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Applied Reasoning mock exam question

Peter Chirco

Joined: Nov 20, 2001
Posts: 4
I have a problem with one of the applied reasoning questions. The question reads like this:
Select each of the code fragments that would allow a newly created java.awt.Button to generate ActionEvents:
a. button.enableActionEvents();
b. button.addActionListener(anActionListener);
c. button.enableEvents(true);
d. button.enableEvents(AWTEvent.ACTION_EVENT_MASK);
I answered both b and d. He suggetst b is the only correct answer, and the reasoning for d not being correct is that , since enableEvents is protected, it can only be called by a subclass. Since enableEvents is defined in Component, and since Button derives from Component, shouldn't it be able to call it? Also, looking at the Exam Cram Sun Certified Java Programmer book, they have an example that is almost identical to this.
Manfred Leonhardt
Ranch Hand

Joined: Jan 09, 2001
Posts: 1492
Hi Peter,
The correct answer is b and only b.
Choices a and c are not viable choices because they don't match any existing method signatures.
Why is d not a valid answer?
A protected method can only be called from the class in which it was created (java.awt.Button) and any subclasses of it (extends java.awt.Button).
The question states: a newly created java.awt.Button which rules out a subclass of java.awt.Button and the Button code itself. Knowing this we can say that d is not a valid choice.
Or arguing the other way we can say that the only way that I can create a java.awt.Button is with the new operator. By using this, I have not subclassed it or changed its code, therefore, I can not call any protected code.
Another great argument is to code it up and see that the compiler will not even let you get away with calling a protected method without being a subclass or the originating class.
Peter Chirco

Joined: Nov 20, 2001
Posts: 4
OK, I did some coding, and I am getting the results you mentioned, but I am still not sure why. I created a frame, and added 2 components to it: a Button, and a myButton, which I defined. I first tried to call button1.enableEvents(), and I got an error telling me that method was not visible. That is what you told me to expect. I then used the usual process, added an ActionListener, and got it to work fine. For myButton, I called enableEvents() in the constructor, and then overrode the processActionEvent() method. I added that to my frame, and it works also. So I have a frame with two buttons, both of which respond to action events, one through an event listener and one through explicit event enabling.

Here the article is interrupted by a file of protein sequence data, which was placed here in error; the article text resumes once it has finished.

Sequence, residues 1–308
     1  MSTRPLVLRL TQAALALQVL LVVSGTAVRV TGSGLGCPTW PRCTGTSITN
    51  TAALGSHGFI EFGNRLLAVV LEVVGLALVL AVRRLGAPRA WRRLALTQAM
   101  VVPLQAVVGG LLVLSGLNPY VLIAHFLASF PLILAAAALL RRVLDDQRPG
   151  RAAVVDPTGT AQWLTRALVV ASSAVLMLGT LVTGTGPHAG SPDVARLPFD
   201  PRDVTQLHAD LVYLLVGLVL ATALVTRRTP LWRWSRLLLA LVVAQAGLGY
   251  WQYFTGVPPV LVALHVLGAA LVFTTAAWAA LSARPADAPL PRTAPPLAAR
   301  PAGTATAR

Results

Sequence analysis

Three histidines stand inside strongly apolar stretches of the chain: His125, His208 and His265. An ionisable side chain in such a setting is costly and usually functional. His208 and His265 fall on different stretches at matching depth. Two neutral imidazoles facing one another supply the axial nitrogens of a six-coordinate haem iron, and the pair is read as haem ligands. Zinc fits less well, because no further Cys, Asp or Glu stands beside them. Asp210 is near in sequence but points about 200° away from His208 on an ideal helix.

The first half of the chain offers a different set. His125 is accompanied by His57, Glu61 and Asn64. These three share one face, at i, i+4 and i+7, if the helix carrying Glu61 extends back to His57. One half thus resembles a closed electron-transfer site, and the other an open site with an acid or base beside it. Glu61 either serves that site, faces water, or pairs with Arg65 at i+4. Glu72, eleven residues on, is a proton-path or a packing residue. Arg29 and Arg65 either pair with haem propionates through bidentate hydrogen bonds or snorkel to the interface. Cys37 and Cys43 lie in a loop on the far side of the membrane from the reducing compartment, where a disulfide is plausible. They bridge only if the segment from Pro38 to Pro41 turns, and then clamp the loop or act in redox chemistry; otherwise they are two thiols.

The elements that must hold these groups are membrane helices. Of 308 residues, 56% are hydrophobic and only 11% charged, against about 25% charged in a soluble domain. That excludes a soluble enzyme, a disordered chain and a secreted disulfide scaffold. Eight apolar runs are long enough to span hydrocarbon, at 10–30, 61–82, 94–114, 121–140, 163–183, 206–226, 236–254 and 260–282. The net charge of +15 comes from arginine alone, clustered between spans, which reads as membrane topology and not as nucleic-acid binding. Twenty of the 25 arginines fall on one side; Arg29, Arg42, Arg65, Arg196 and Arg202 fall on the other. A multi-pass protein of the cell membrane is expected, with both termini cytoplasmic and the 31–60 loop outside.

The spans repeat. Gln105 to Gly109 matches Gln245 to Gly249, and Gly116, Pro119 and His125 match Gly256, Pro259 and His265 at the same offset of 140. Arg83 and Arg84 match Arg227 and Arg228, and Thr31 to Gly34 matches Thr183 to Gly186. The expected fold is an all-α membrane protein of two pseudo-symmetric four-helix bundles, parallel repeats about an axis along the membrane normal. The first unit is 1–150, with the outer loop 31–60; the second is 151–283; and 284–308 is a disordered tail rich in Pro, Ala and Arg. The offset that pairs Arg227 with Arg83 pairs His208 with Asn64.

I still have the question, though, why I could not call button1.enableEvents(). since the method is defined in Component, as a protected final method, I should be able to call that method from any subclass of Component, or any class in the same package as Component.
import java.awt.*;
import java.awt.event.*;
public class ActionTest extends Frame implements ActionListener
class windowHandler extends WindowAdapter {
public void windowClosing(WindowEvent e) {
Button button1;
MyButton button2;
public ActionTest()
addWindowListener(new windowHandler());
button1 = new Button("Button");
button2 = new MyButton("MyButton");
setLayout(new GridLayout(1,2));
// button1.enableEvents(AWTEvent.ACTION_EVENT_MASK);
public void actionPerformed(ActionEvent ae)
Button tempbutton = (Button)ae.getSource();
if(tempbutton == button1)
System.out.println("Button 1");
public static void main(String[] args)
ActionTest at = new ActionTest();
at.setBounds(10, 10, 50, 200);;
I agree. Here's the link:
subject: Applied Reasoning mock exam question
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